Now that I’ve officially decided on attending Georgetown MSFS (Master of Science in Foreign Service), I’ve been getting more and more excited about starting classes there and have been poring over every single shred of information I can find about it.
When I checked my e-mail at the hostel we stayed in in Alice Springs, I discovered that the head of admissions at MSFS, Eleanor Monte Jones, offered me a $10k scholarship for this school year! This is probably one of the best parts of being the director, when they can go back and offer students money that’s been freed up by other accepted students declining to attend.
This was perfect! I figure the way this came about was through some rustling of the reeds in the background… First I had e-mailed Eleanor and explained my situation: while I really wanted to do the MSFS program, I was also being offered $8k/year with no debt (Texas pays tuition for veterans) from UT Austin LBJ. So while it shouldn’t have been about money, in this situation it clearly was. She wrote back very encouragingly and patiently and offered her own anecdotes about friends of hers and their decisions. It was very helpful and I ended up accepting admission before flying to Australia.
But I had also run across a guy named David Martinez on the UT Austin LBJ online forums. We started e-mailing and as it turns out he’s a superstar ex-Peace Corps guy who went to Bolivia (same as my family friends’ son Michael Klein) and did amazing things like develop standard operating procedures for waste management and a computer curriculum for school children. He got into UT Austin LBJ, Georgetown MSFS, Harvard MPA/ID, Princeton WWS, etc. etc. etc. He e-mailed me first because he was interested in studying Arabic so I pointed him towards the materials I used to learn.
It came up that he was most excited about Harvard but Princeton offers all its students free admission. He ended up taking Harvard (mainly for the name and the public policy program I think) and said he would write Eleanor recommending that I receive the half-tuition scholarship they offered him.
Eleanor wrote him and said that was the first time she’d seen someone recommend his money to someone else!
Then I received my offer! The $10k covers the $7.3k-ish amount I was expected to pay outright, which is good. I’m taking out Stafford, Perkins, and Graduate PLUS loans on most of the rest. Statistically MSFS only offers funding to 15% of its 1st years so I think I’m in pretty good company somehow! Here, here, to David Martinez who will accomplish great things.
Finding Others Online
I did a search for MSFS on Flickr and found two people. One is a graduating student who is 2nd year grad editor-in-chief at the Georgetown Journal of International Affairs, and she was very helpful in passing along advice Eleanor gave her: “Be zen.” She’s going into the Foreign Service. I also found photos from the MSFS Spring Ball, which showed students dressed in their finest.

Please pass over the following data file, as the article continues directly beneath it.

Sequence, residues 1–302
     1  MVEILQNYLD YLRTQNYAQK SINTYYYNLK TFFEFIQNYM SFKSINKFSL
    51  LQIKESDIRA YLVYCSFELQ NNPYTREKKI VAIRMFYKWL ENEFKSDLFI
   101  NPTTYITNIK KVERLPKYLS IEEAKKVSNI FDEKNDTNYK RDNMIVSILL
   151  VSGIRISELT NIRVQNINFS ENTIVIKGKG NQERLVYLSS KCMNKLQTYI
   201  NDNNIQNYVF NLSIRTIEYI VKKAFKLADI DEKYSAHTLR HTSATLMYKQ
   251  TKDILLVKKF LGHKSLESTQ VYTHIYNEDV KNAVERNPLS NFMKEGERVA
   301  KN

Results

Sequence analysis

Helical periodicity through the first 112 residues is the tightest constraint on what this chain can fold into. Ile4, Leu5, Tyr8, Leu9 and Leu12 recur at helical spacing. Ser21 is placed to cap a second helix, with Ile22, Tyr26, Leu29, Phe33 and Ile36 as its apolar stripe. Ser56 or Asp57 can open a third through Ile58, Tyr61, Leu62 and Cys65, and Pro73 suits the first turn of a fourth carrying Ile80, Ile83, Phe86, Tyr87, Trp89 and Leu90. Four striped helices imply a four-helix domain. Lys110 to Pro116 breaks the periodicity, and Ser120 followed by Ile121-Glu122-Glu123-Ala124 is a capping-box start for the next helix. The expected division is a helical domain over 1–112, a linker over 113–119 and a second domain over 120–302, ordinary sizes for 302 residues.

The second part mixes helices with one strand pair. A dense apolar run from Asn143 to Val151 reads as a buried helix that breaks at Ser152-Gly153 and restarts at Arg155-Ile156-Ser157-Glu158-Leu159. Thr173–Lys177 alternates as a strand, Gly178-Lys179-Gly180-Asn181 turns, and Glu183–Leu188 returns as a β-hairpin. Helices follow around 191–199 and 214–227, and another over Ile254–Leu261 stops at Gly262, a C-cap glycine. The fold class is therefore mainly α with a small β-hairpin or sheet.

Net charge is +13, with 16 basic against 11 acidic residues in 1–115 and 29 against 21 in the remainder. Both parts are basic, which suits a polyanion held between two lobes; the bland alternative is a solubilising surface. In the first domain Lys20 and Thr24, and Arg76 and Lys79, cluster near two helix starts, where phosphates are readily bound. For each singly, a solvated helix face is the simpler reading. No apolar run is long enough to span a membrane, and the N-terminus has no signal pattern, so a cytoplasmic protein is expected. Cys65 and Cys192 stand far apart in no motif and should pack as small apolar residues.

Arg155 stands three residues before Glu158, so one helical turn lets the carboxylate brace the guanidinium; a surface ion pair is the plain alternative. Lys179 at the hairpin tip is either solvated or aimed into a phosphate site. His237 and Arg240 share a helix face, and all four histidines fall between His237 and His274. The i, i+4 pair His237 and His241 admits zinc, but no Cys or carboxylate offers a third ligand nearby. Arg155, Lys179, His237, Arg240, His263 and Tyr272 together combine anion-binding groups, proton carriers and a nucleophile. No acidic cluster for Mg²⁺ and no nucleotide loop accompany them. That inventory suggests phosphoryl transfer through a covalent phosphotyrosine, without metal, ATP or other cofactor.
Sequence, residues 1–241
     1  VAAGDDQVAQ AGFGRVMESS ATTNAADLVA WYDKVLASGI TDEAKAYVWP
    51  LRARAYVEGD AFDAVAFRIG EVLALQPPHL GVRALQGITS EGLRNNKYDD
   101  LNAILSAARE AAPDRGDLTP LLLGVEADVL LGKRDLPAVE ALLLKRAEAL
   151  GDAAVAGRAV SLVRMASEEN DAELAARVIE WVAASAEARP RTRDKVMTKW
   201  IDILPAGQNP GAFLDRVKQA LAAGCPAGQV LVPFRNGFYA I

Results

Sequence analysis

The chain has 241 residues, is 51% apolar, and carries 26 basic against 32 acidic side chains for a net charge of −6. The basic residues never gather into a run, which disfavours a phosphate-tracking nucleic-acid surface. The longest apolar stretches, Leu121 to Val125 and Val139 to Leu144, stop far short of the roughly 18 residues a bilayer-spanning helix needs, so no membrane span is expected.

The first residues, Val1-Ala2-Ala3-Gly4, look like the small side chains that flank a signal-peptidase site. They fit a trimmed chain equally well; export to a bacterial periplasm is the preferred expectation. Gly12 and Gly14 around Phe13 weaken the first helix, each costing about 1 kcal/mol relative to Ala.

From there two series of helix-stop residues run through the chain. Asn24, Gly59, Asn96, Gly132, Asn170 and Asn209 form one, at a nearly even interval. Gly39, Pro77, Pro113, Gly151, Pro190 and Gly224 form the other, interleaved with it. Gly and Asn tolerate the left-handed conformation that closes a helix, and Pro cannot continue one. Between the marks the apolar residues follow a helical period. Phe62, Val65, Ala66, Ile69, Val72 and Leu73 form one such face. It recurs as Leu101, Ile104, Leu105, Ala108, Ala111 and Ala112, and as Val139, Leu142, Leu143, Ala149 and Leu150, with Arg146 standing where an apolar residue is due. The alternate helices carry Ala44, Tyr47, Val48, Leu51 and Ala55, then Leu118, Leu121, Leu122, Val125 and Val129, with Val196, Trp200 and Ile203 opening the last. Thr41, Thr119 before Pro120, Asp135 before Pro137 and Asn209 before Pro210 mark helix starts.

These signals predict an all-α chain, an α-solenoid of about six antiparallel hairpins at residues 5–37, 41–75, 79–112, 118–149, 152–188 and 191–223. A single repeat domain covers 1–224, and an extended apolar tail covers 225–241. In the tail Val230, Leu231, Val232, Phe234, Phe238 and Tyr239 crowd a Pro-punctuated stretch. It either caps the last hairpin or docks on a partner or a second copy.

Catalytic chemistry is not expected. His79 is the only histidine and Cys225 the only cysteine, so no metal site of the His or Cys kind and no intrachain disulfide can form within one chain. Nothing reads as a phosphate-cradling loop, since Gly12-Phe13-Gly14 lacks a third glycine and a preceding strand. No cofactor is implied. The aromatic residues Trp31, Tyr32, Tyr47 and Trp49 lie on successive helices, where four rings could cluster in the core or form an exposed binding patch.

I’m really looking forward to meeting all the people! MSFS is known for its small class sizes, made up of 65% females and 35% international students. So it will be a rather diverse group of people from all over. As I get older I tend to absorb more and more details about people to figure them out and discover their formulae — I’m hoping our class will further the world positively in large increments.
I also found someone’s blog and she sounds like she’s always writing three papers while reading a shitload of essays and books. So I’m going to have my work cut out for me but luckily I’m better about not procrastinating now. I’m a little worried professors will make me re-write papers a lot since I’ve never really written very academic research before but we’ll see.
Georgetown seems to have the best online statistics of former classes out of all the related schools. It has extensive data on where students were employed after graduation, with almost complete employment consistently every year.
I enrolled for macro- and micro- economics at the local community college. Because I’m a veteran I only had to pay $8 for some campus fees. Nice! The books however cost about $80 each which is robbery and aren’t covered by the exemption.
The classes last a month, from May 30th to July 3rd or something like that. I think I scheduled from 8AM to about 1PM.
I applied to Big Brother, Big Sister, as well as the Salvation Army (to examine casework for Katrina victim families). We’ll see how that goes.
There’s a whole slew of policy books (mainly about Iraq) that I want to read before classes begin since I won’t have time after that. Also I’ll be eligible for academic discounts for The Economist, which is normally pretty expensive but 75% off for students. I could probably find dozens of copies laying around the school though since it seems to be the reading material of choice for policy wonks.
I have to study up on my Arabic since I take a proficiency exam during orientation. I know my Arabic’s rusty but I seem to be able to recall a large amount of it even still, meaning that I have actually acquired some degree of fluency and it’s engrained in me at least a little bit.
I’m reading a book about how suburban sprawl is destroying community and it mentions the Georgetown neighborhood often as being an example of how a community is supported by good design. I visited Georgetown twice in the past, walking through some of the surrounding neighborhoods and I felt it was very cozy, liveable, and communal. Beautiful in many parts. When I go back there, it will be with open eyes and I want to examine it with the book in mind. For my family I want us to live in a strong community.